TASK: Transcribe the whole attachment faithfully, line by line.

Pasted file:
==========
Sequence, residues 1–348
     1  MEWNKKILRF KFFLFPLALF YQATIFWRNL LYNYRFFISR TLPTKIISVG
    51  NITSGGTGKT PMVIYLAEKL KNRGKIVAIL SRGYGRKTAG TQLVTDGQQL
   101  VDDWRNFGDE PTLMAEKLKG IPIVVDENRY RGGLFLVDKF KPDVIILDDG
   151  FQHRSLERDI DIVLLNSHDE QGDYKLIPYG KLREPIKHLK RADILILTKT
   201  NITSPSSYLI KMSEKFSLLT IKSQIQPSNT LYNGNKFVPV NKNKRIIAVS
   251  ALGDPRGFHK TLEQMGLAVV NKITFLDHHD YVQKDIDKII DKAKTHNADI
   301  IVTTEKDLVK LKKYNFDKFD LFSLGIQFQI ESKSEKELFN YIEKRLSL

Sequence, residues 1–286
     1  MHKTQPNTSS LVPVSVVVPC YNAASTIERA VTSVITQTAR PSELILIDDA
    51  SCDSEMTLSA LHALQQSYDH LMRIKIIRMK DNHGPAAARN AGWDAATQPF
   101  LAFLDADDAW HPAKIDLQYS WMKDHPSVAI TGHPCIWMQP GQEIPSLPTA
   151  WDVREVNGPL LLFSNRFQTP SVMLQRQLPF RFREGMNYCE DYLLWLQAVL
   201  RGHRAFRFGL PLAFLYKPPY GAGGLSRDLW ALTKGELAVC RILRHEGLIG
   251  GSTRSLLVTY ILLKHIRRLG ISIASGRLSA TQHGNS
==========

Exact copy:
Sequence, residues 1–348
     1  MEWNKKILRF KFFLFPLALF YQATIFWRNL LYNYRFFISR TLPTKIISVG
    51  NITSGGTGKT PMVIYLAEKL KNRGKIVAIL SRGYGRKTAG TQLVTDGQQL
   101  VDDWRNFGDE PTLMAEKLKG IPIVVDENRY RGGLFLVDKF KPDVIILDDG
   151  FQHRSLERDI DIVLLNSHDE QGDYKLIPYG KLREPIKHLK RADILILTKT
   201  NITSPSSYLI KMSEKFSLLT IKSQIQPSNT LYNGNKFVPV NKNKRIIAVS
   251  ALGDPRGFHK TLEQMGLAVV NKITFLDHHD YVQKDIDKII DKAKTHNADI
   301  IVTTEKDLVK LKKYNFDKFD LFSLGIQFQI ESKSEKELFN YIEKRLSL

Sequence, residues 1–286
     1  MHKTQPNTSS LVPVSVVVPC YNAASTIERA VTSVITQTAR PSELILIDDA
    51  SCDSEMTLSA LHALQQSYDH LMRIKIIRMK DNHGPAAARN AGWDAATQPF
   101  LAFLDADDAW HPAKIDLQYS WMKDHPSVAI TGHPCIWMQP GQEIPSLPTA
   151  WDVREVNGPL LLFSNRFQTP SVMLQRQLPF RFREGMNYCE DYLLWLQAVL
   201  RGHRAFRFGL PLAFLYKPPY GAGGLSRDLW ALTKGELAVC RILRHEGLIG
   251  GSTRSLLVTY ILLKHIRRLG ISIASGRLSA TQHGNS